An “ideal” cluster. Part 3.1 Deploying MySQL Multi-Master Cluster

  • Tutorial

In continuation of the series of articles on the “Ideal” cluster, I want to share my experience in deploying and configuring MySQL Multi-Master clusters.

My other publications on the “Ideal” cluster

To begin with, it is worthwhile to figure out which of the MySQL Galera technology implementation you will use. There are Galera implementations from Percona and MariaDB on the market. It is these two implementations that divided the lion's share of implementations of MySQL Galera.

Both forks use the Percona XtraDB Storage Engine as a plugin for InnoDB.

This engine is based on the InnoDB-plugin code and is fully compatible with it, but differs noticeably higher performance due to the integration of patches from Google and Percona.
In particular, XtraDB has improved the mechanism for working with memory, improved the operation of the InnoDB I / O subsystem, added support for multiple read and write streams, support for bandwidth management,
implementation of read-ahead data access, adaptive checkpointing , scaling capabilities for large projects have been expanded, the lock organization system has been adapted
to work on systems with a large number of CPUs, additional features have been added for accumulating and analyzing statistics.

At the same time, MariaDB Galera has a number of other improvements and features .

  • Aria (formerly Maria) - MyISAM-based highly reliable storage, characterized by increased stability and preservation of data integrity after the crash, with full compatibility with MyISAM. Thanks to the logging of operations, in the event of a crash, the results of the current operation are rolled back. It also supports the ability to restore state from anywhere in the operation log (including support for CREATE / DROP / RENAME / TRUNCATE).
  • PBXT (PrimeBase XT) - a repository developed from scratch and supporting the multi-version method of organizing data storage MVCC (multi-version concurrency control), which allows you to get rid of locks when performing read operations.
    PBXT supports ACID-compliant transactions, fast rollback of transactions, and recovery from server shutdowns. There are tools to ensure referential integrity of data, support for foreign key definitions, cascading updates, and data deletion. Supports the ability to direct streaming input and output of binary data (BLOB) in the database;
  • FederatedX - Positioned as a replacement for Federated storage developed by Sun Microsystems. FederatedX allows you to organize access to remote tables as local.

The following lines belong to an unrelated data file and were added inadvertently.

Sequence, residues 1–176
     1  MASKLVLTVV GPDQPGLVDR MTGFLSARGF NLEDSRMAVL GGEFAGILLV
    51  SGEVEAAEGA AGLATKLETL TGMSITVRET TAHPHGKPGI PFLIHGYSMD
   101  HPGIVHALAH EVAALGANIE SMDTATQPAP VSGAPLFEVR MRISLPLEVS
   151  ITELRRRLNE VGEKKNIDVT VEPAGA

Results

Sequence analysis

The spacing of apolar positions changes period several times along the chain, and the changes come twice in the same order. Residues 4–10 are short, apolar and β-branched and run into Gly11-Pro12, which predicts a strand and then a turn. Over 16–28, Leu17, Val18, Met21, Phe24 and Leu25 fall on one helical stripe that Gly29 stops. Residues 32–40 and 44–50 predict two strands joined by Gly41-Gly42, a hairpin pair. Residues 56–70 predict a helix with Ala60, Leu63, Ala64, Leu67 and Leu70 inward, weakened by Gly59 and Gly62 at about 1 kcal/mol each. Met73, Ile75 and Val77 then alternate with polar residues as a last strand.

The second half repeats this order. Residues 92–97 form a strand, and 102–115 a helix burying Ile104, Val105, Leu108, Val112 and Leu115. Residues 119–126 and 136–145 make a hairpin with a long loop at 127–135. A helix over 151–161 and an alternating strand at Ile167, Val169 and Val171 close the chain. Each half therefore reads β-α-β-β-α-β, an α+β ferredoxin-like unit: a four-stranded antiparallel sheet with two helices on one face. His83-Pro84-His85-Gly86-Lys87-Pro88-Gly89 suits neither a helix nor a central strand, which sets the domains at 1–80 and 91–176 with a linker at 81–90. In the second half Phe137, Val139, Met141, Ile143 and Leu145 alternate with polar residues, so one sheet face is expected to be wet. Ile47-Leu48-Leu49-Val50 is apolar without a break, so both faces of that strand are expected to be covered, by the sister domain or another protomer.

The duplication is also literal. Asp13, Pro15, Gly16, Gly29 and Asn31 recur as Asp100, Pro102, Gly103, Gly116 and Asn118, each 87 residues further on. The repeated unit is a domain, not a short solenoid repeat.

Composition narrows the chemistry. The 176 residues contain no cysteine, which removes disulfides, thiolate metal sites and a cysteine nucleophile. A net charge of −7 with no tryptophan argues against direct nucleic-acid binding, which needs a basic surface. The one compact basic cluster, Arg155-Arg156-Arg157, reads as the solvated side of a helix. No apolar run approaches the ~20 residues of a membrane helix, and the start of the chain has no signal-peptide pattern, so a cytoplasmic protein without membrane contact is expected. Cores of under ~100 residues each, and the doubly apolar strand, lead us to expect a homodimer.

There is support for transactions, the simultaneous installation of several connections to a remote DBMS, the use of "LIMIT" operations;
  • OQGRAPH - a repository for organizing hierarchical (tree-like) structures and complex graphs (nodes that have many connections);
  • Sphinx - storage for building search engines. Built-in Sphinx client allows MariaDB to exchange data with searchd, perform search queries and receive search results;

In addition, MariaDB Galera 10 has a number of improvements over version 5.5:

  • The new Connect storage , which allows you to organize access to arbitrary local or remote data, as if they were saved in a table. For example, you can associate the contents of a virtual table with data from a file in a specific format;
  • The new Cassandra Storage Engine (SE) , which adds support for MariaDB and MySQL to access data stored in a distributed Apache Cassandra database. Using Cassandra SE, developers are able to access data and add data to the Cassandra database using regular SQL queries. At the same time, the data storage model used in Cassandra as a family of columns (ColumnFamily) is displayed in the form of tables typical for MariaDB / MySQL, for which you can use the standard SQL directives SELECT, INSERT, DELETE and UPDATE, as well as perform join operations (JOIN) with other tables.
  • Integration of SPIDER storage with the implementation of a sharding system that allows you to distribute large tables to multiple servers. From the point of view of query generation, such tables do not differ from ordinary local tables, but in fact, when using SPIDER, different chunks of data that make up one table are stored on different servers. To ensure high availability of tables distributed across servers using SPIDER, new replication tools can be used.